Left in the background were other more dramatic global questions that I know worried the organization earlier in the year, particularly related to the issue of European-U.S. cooperation, something that’s perceived as increasingly necessary for success in the transition towards a productive e-culture. Could this be a metaphor for the current global political predicament? If in politics the reconciliation of the U.S. and “old Europe” (essentially Germany and France) hasn’t yet been accomplished for reasons everyone has an opinion about, Online Educa demonstrates that there may well be a more solid ground for understanding and mutual achievement within the eLearning profession itself and across all continents. Let’s hope everyone can learn from it.
Paris, December 2003
Menlo Park (SRI)
eLearning Forum Season's Party
December 2003 - Jay Cross
Your 16-year-old daughter says she’s going to take sex education at school and you’re relieved, but she tells you she plans to participate in sex training and you’re unnerved. Why? Because outside of education, you learn by doing things.
Small wonder that executives hear the word “learning,” think “schooling” and conclude “not enough payback.” Executives respond better to “execution.”
Everything is connected. Each of us is enmeshed in innumerable networks. You’re linked to telephone networks, satellite networks, cable feeds, power grids, ATM networks, the banking system, the Web, intranets, extranets and networks that are local, wide, wireless, secure, virtual and peer-to-peer.
Social networks interconnect us in families, circles of friends, neighborhood groups, professional associations, task teams, business webs, value nets, user groups, flash mobs, gangs, political groups, scout troops, bridge clubs, 12-step groups and alumni associations.
Human beings are networks. Scientists are still conceptualizing the human protocol stack, but they affirm that our personal neural intranets share a common topology with those of chimps and other animals. Once again, everything’s connected. Learning is a whole-body experience.
Moore’s Law doubles computing power every 18 months, bandwidth doubles twice as fast, and connections grow exponentially with each node. Interconnections beget complexity, so we have no concept of what’s ahead.
Six years ago, Intel CEO Craig Barrett said, “We’re racing down the highway at 150 mph, and we know there’s a brick wall up ahead, but we don’t know where.” We still don’t know where that wall is, but today the car would be hurtling along at 1,800 mph.
Change is racing along so fast that the old learn-in-advance methods are no longer sufficient. While network infrastructure is evolving exponentially, we humans have been poking along. Because of the slow pace of evolution, most human wetware is running obsolete code or struggling with a beta edition. We’ve got to reinvent ourselves and get back on the fast track.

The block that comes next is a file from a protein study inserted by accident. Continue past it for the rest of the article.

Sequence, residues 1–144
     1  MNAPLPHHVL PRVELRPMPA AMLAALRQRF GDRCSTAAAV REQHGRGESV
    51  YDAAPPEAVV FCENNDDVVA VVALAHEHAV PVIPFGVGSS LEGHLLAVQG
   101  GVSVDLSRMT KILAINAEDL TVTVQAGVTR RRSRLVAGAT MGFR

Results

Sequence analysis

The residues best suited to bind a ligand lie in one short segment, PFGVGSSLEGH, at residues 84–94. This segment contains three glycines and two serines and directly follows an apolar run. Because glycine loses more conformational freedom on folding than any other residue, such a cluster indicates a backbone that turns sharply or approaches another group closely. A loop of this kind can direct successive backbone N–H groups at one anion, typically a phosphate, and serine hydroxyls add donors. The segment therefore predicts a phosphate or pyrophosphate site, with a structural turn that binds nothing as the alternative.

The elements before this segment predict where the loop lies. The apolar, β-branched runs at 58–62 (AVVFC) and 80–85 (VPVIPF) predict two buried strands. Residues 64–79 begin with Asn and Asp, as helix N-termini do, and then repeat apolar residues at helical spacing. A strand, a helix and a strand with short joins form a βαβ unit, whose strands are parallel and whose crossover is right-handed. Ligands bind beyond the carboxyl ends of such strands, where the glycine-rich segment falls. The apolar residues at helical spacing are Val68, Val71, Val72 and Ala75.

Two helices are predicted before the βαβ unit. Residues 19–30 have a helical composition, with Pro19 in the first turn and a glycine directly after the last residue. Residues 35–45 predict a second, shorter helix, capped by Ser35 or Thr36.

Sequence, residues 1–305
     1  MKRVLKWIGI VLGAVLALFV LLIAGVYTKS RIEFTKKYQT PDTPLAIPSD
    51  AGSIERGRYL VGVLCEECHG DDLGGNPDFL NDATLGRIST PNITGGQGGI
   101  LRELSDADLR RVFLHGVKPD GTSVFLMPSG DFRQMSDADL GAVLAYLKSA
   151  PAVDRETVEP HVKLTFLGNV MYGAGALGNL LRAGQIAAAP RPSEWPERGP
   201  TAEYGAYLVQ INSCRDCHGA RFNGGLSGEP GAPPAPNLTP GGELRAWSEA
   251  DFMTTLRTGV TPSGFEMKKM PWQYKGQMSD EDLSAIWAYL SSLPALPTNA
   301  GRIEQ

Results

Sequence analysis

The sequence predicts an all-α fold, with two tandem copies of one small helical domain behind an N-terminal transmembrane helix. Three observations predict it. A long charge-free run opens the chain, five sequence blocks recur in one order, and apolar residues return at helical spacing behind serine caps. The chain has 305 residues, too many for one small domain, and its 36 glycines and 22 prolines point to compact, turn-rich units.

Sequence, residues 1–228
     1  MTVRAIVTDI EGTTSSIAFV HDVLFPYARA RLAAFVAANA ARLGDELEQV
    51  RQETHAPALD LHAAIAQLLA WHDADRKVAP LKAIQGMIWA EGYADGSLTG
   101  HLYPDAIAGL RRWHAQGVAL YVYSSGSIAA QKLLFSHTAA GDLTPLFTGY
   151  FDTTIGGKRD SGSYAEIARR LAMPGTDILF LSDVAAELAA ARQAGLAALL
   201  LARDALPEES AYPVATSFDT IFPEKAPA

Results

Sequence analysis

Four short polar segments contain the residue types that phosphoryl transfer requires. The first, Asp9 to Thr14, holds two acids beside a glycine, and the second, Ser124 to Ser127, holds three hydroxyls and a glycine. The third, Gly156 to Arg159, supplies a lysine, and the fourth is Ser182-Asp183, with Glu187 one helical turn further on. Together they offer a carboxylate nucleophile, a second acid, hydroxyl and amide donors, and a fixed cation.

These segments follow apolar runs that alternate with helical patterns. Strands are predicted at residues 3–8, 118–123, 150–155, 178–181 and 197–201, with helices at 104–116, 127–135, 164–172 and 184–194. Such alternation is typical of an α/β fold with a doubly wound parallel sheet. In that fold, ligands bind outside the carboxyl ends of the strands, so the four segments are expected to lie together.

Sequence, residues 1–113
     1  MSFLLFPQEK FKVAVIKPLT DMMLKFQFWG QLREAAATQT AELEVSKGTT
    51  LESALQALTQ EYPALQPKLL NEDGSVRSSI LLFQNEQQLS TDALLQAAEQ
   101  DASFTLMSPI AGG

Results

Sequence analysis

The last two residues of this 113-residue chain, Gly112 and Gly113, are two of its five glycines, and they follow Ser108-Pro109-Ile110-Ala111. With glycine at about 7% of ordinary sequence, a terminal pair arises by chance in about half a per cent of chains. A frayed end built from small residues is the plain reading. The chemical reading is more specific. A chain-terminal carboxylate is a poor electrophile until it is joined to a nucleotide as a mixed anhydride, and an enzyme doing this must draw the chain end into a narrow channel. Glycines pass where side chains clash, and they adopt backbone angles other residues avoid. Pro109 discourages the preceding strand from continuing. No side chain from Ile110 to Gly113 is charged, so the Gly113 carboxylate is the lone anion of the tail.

In a world where we don’t know what’s coming next, what constitutes good learning? We’re in whitewater now, and smooth-water sailing rules no longer apply. In whitewater, successful learning means moving the boat downstream without being dumped, preferably with style. In life, successful learning means prospering with people and in networks that matter, preferably enjoying the relationships and knowledge.
Learning is that which enables you to participate successfully in life, at work and in the groups that matter to you. Learners go with the flow. Taking advantage of the double meaning of “network,” to learn is to optimize one’s networks.
The concept that learning is making good connections frees us to think about learning without the chimera of boring classrooms, irrelevant content and ineffective schooling. Instead, the network model lets us take a dispassionate look at our systems while examining nodes and connections, seeking interoperability, boosting the signal-to-noise ratio, building robust topologies, balancing the load and focusing on process improvement.
Does looking at learning as networking take humans out of the picture? Quite the opposite.
Most learning is informal; a network approach makes it easier, more productive and more memorable to meet, share and collaborate. Emotional intelligence promotes interoperability with others. Expert locators connect you to the person with the right answer. Imagine focusing the hive mind that emerges in massive multiplayer games on business. Smart systems will prescribe the apt way to demonstrate a procedure, help make a decision or provide a service, or transform an individual’s self-image. Networks will serve us instead of the other way around.